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SAN DIEGO (CNS) – Gov. Gavin Newsom has signed 770 bills into law this year; many of them impacting people’s daily lives will take effect as soon as Jan. 1, 2022.

Here are a few of the more noteworthy ones:

— Animal welfare: Proposition 12, approved by voters in 2018, makes metal enclosures that restrict pigs from turning around and cages that prevent hens from opening their wings illegal.

— Minimum wage: SB 3 requires the minimum wage for all industries employing 26 or more employees to rise to $15, and $14 for employers employing 25 or fewer workers.

— Cocktails to go: SB 389 allows getting cocktails and wine to go with your dinner order at restaurants extended until Dec. 31, 2026. The delivery of cocktails alone, however, ends Dec. 31, 2021.

— Traffic safety: AB 43 authorizes local authorities to reduce speed limits to protect the safety of vulnerable groups such as pedestrians and cyclists.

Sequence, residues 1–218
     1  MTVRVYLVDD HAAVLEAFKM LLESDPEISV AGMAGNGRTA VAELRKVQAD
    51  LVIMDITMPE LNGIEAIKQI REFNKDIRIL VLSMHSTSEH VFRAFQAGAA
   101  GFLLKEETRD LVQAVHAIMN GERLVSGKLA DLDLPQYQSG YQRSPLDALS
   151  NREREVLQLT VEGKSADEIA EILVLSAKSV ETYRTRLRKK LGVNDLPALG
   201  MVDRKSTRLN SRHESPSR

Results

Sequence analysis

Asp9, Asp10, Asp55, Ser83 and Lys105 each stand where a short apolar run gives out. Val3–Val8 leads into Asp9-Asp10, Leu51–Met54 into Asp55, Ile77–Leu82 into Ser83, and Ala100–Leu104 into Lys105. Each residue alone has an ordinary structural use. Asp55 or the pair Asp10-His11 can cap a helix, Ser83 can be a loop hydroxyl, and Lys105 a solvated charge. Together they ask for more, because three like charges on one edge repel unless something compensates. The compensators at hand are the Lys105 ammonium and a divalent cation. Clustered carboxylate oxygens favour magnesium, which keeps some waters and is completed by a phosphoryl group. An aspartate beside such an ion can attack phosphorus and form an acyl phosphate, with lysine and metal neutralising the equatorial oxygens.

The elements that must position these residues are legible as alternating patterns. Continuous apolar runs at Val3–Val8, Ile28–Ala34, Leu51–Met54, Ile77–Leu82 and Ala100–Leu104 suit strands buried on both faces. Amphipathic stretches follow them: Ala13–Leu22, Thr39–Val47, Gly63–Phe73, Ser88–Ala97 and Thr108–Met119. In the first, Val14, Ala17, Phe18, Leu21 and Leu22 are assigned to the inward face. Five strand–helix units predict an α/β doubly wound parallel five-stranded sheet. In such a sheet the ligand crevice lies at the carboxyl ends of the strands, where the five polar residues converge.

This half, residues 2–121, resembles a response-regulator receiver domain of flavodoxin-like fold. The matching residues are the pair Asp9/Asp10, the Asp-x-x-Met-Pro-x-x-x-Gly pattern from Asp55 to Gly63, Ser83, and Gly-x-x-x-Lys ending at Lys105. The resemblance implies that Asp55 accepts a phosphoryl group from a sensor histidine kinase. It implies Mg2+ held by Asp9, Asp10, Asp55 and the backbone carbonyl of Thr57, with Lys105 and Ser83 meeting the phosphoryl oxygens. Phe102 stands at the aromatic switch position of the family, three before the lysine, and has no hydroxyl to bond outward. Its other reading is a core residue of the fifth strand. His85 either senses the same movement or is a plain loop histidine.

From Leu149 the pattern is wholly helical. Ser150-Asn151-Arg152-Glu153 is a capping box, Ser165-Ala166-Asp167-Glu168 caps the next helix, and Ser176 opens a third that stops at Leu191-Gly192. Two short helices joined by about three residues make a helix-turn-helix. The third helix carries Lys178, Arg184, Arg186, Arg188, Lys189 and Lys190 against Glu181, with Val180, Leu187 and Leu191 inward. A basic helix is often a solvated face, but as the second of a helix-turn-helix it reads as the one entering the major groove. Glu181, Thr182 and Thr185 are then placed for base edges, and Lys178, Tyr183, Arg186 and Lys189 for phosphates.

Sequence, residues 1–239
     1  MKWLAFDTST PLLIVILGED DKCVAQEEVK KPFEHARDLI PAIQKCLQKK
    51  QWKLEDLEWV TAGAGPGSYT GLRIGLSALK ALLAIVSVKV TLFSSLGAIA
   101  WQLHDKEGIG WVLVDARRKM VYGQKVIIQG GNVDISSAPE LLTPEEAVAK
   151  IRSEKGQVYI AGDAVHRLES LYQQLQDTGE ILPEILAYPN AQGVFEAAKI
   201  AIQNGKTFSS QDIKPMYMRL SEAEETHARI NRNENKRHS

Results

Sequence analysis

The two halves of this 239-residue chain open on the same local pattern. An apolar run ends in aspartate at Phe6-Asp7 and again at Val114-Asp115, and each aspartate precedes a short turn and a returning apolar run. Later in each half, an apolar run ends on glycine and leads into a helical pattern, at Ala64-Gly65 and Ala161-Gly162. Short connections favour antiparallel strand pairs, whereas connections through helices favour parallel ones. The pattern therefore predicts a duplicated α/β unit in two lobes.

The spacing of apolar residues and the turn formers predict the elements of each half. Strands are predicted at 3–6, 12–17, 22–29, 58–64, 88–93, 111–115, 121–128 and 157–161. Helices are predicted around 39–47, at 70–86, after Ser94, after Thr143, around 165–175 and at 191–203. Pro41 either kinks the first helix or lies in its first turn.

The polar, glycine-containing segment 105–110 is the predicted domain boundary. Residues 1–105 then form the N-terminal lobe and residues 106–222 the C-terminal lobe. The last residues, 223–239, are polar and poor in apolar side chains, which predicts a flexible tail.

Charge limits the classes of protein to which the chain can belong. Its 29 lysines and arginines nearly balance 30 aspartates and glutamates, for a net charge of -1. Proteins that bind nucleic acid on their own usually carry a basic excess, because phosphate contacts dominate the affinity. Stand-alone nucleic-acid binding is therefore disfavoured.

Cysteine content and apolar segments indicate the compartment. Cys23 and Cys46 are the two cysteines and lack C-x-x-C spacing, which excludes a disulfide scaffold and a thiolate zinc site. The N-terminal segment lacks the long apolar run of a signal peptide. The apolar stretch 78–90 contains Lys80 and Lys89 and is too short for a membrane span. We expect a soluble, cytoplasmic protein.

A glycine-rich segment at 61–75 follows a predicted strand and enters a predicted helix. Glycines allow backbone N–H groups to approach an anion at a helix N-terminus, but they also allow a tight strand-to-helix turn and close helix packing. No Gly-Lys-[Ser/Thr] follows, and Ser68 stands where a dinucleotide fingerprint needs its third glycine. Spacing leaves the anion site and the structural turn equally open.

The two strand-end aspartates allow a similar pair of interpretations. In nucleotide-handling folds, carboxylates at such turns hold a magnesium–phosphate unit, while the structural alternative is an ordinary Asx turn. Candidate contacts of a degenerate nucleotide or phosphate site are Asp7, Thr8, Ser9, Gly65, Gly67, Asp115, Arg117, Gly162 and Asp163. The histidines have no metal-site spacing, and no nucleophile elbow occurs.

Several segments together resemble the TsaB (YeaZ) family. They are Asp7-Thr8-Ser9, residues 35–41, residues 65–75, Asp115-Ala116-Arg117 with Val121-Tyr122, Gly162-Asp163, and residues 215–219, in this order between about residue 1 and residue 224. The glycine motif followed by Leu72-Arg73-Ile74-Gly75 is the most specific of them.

— Non-gender marketing: A new law not taking full effect until 2024 mandates that department stores with more than 500 employees must provide a gender-neutral section displaying “a reasonable selection” of items regardless of whether they’ve been traditionally marketed for either girls or boys. The law does not include clothing. LGBTQ advocates maintain the pink and blue hues of traditional marketing methods pressure children to conform to gender stereotypes.

— Food delivery apps: In an effort to support delivery workers and increase billing transparency, AB 286 makes it illegal for food delivery apps to retain any portion of a tip or gratuity. If the order is for delivery, that tip must go to the individual worker. If the order is for pickup, the gratuity must go to the restaurant.

— Police reform: AB 1475 protects the rights of people arrested but not yet prosecuted, forbidding law enforcement from posting mug shots of those arrested on suspicion of nonviolent crimes.

— Rape: A new law alters California’s penal code to make rape within marriage the same in every legal sense as any instance of rape.

— Police decertification: Another noteworthy new law allows police officers who have committed misconduct to be de-certified. Previously, problematic officers could sometimes find employment in other areas without repercussions. Now, they will have their license revoked and not be able to simply switch departments after being fired.

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